November is Tobacco Awareness Month

Tobacco use is the leading preventable cause of death in the United States, and most adults who use tobacco products regularly start before they turn 18. Nicotine found in tobacco products is highly addictive, and research shows that exposure to nicotine at an early age affects key brain receptors and makes young people more susceptible to lifetime nicotine dependence.

Most youth who currently vape use disposable e-cigarettes, which are “bigger, stronger, and cheaper” than tobacco products of the past. With flavors like “tropical rainbow blast” and “watermelon ice,” the brightly colored devices are designed to look like toys or fashionable accessories that appeal specifically to youth. Vape devices are frequently marketed—and sold—to youth online through social media platforms like TikTok.


There is some good news: according to the 2023 National Youth Tobacco Survey, 1.97 million middle and high school students reported current e-cigarette (vape) use—down from 2.51 million in 2022. Locally, 22% of MAU and 9% of MAUMS students report currently using vape products (YRBS).

So what can we do to help our young people stay safe and healthy?

“Just say no” doesn’t work—but we can provide young people with facts to make informed choices, equip those who use substances with resources and support to reduce their use or quit, and listen to the lived experiences and needs of youth.

For example, among Vermont high school students who vaped during the past 30 days, 30% used because they were feeling anxious or stressed (YRBS). As caring adults, we can support teens in developing healthier coping strategies and building resilience, educate them about the risks between nicotine use and mental health, and work to address the underlying causes of mental health challenges for young people in our community.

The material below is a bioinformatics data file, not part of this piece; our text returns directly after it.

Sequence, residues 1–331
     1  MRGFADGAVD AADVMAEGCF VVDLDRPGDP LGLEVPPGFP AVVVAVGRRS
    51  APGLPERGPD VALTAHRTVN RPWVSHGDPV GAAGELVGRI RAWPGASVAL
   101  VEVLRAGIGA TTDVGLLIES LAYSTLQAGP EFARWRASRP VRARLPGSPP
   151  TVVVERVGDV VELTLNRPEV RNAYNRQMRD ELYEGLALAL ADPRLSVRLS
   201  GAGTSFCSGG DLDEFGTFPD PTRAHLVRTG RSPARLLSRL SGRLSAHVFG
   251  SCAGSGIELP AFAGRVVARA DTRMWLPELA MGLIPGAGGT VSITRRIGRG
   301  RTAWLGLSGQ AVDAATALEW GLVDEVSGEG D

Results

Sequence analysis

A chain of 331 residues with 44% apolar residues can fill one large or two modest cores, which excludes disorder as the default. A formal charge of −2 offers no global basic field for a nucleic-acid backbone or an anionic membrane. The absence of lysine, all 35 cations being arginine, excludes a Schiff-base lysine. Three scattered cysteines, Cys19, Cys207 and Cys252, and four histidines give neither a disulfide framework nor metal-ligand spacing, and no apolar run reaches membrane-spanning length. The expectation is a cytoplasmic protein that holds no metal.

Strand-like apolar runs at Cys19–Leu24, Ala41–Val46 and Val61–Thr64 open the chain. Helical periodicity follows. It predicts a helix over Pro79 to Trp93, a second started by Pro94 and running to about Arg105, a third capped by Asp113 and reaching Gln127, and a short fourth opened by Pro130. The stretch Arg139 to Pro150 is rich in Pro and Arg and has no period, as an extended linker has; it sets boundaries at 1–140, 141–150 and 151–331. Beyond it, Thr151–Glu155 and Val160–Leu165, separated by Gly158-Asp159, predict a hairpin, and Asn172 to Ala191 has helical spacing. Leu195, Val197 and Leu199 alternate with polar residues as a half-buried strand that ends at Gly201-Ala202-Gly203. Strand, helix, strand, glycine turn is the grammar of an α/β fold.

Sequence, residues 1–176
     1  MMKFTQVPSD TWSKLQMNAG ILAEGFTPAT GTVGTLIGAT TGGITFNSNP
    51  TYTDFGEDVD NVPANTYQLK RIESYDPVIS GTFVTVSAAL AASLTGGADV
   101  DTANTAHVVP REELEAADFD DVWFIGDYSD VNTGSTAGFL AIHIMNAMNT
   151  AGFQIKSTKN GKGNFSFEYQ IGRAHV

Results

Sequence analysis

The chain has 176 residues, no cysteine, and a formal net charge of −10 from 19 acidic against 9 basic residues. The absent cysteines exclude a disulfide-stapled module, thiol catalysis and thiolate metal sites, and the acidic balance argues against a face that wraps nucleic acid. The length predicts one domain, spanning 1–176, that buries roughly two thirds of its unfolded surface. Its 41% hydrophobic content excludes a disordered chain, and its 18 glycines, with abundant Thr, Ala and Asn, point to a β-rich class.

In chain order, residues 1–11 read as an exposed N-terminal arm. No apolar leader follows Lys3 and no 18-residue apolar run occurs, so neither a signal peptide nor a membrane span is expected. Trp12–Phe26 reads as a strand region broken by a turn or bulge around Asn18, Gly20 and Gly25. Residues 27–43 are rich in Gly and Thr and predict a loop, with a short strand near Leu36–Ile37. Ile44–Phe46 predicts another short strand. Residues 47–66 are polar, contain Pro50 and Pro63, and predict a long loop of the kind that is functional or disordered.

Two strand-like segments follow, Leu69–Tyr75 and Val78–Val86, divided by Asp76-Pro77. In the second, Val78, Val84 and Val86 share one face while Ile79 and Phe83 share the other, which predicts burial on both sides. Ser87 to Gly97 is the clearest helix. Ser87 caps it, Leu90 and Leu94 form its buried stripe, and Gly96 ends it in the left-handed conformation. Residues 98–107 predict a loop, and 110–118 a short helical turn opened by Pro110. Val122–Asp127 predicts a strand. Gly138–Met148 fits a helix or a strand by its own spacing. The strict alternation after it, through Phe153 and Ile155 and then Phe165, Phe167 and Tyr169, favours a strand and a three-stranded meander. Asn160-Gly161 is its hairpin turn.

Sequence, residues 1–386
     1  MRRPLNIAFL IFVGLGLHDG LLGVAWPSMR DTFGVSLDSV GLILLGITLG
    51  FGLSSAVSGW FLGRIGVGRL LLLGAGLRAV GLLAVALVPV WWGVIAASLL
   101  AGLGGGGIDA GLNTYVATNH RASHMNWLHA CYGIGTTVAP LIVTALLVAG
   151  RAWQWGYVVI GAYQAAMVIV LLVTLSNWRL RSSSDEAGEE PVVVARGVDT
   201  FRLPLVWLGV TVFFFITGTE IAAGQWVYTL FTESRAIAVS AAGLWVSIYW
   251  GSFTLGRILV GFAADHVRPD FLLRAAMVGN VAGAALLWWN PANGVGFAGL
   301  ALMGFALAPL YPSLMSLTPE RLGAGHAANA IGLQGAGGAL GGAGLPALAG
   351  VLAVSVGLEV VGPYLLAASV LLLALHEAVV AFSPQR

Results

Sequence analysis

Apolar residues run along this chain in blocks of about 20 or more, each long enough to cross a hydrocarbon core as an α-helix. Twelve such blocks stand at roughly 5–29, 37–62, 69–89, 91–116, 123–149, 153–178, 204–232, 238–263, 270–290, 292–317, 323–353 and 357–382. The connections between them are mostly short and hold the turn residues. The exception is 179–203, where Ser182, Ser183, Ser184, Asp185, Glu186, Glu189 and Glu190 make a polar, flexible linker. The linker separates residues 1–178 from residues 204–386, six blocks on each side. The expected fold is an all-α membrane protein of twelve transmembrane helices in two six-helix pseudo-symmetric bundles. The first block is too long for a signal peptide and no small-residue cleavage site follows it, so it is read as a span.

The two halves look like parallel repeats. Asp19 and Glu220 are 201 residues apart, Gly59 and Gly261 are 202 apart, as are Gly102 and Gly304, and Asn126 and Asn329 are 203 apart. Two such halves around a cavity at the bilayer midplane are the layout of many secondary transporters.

What about the link between tobacco and cannabis?

Tobacco and cannabis use patterns are evolving, with many of today’s teens directly combining the two products. Vaping cannabis (heating the dried plant and using distillates or an “e-liquid” solution with a battery powered e-cigarette to inhale a vapor) has been increasing. (Truth Initiative)

Cannabis has become increasingly normalized through legalization, and the perception of harm related to cannabis use is decreasing among youth. Remember: research has consistently found that cannabis can have lasting and potentially dangerous impacts on the teen brain.

Quit Resources for Teens:

My Life My Quit is a free and confidential way to quit smoking or vaping. Learn more about vaping, tobacco, and nicotine, and text “Start My Quit” to 36072 to chat with a Coach.

Truth Initiative’s This is Qutting program is a free and anonymous text messaging program designed to help young people quit vaping. Teens and young adults can join for free by texting DITCHVAPE to 88709.

Quit Resources for Adults:

802Quits provides free customized online and phone support, as well as quit tools for vape, cigarette, and nicotine users 13 years and older.

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